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Wed, 02.03.1943

Charles David Saves Many USS Dorchester Shipmates

USS Dorchester

*On this date in 1943, Charles W. David of the USS Dorchester gave his life for his country.

At a time when segregation was still practiced in the armed forces, he bravely set out to save lives. The incident occurred when a convoy of three ships and three escorting Coast Guard cutters passed through "torpedo alley" some 100 miles off the coast of Greenland during World War II. At about 1 a.m. that morning the submarine U-223 fired three torpedoes, one of which hit the midsection of the Dorchester, a U.S. Army troopship with more than 900 men on board. Ammonia and oil were everywhere in the fast-sinking vessel and upon the freezing sea.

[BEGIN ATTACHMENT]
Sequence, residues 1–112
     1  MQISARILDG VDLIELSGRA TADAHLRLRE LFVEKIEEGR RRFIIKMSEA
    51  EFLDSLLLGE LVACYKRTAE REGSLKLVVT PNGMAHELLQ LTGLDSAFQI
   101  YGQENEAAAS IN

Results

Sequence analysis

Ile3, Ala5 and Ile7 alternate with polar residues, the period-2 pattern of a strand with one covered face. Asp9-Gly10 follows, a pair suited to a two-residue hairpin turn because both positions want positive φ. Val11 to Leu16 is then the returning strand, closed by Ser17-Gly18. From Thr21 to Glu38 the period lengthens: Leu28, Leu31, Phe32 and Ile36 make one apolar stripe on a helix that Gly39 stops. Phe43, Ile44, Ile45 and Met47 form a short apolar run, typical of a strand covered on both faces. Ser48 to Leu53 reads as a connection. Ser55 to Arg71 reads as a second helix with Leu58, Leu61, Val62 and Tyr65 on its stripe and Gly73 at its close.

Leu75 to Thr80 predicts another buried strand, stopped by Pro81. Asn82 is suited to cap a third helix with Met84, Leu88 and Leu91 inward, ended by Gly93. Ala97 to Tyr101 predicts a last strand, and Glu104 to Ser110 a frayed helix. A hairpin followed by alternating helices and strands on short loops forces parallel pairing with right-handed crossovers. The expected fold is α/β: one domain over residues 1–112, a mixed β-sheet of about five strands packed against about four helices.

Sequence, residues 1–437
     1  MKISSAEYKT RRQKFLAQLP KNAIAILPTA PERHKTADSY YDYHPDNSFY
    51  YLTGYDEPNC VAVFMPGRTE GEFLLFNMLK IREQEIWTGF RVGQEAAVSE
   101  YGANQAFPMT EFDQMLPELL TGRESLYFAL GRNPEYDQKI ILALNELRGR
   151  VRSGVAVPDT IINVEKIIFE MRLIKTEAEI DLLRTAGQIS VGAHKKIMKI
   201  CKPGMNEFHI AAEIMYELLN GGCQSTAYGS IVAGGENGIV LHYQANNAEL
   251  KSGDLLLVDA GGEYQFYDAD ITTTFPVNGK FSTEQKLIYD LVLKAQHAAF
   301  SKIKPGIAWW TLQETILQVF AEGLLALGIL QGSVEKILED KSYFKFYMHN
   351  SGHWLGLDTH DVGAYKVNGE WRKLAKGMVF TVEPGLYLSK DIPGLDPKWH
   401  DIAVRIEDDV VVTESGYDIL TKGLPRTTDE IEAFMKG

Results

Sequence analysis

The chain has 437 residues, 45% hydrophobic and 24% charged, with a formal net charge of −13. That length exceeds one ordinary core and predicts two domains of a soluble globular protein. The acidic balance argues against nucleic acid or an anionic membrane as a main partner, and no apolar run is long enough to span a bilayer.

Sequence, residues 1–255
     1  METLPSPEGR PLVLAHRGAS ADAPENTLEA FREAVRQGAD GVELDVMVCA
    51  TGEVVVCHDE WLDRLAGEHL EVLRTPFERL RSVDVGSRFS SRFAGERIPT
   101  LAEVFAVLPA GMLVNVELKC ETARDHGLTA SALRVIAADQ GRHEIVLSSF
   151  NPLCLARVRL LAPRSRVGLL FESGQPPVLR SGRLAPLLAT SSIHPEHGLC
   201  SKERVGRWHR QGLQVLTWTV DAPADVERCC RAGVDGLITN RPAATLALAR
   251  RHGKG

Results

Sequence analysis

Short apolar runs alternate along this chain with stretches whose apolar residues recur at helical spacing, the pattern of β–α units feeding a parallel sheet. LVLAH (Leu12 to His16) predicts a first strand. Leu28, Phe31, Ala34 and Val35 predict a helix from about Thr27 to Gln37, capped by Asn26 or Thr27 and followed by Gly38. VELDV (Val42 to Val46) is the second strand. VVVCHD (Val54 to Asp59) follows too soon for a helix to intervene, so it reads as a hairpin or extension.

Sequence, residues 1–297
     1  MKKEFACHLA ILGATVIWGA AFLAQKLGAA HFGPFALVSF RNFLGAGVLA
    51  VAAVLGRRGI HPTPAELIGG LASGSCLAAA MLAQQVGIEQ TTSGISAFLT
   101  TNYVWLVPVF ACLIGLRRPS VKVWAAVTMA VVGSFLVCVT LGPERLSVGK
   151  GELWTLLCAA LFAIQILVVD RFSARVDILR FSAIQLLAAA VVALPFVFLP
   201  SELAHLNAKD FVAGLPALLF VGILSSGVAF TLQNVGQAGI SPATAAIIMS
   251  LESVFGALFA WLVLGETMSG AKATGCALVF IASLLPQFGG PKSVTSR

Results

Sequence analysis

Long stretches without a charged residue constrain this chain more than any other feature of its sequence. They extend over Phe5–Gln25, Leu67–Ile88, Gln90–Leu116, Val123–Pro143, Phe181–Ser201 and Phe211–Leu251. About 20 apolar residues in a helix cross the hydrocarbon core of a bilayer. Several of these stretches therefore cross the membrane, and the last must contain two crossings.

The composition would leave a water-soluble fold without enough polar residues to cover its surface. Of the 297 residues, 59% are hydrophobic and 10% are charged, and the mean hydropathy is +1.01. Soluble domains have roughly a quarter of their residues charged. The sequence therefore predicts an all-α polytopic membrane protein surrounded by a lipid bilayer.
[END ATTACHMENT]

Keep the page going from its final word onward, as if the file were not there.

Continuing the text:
Charles W. David, a Black Coast Guard mess attendant died that day of exposure after plunging repeatedly in the freezing sea to rescue mostly white survivors of the Dorchester. In 1999, The Immortal Chaplains Prize for Humanity was presented in honor of Charles W. David.

Reference:
Library of Congress
101 Independence Avenue S.E.
Washington D.C. 20540

Reference:

USS.Coast Guard.mil

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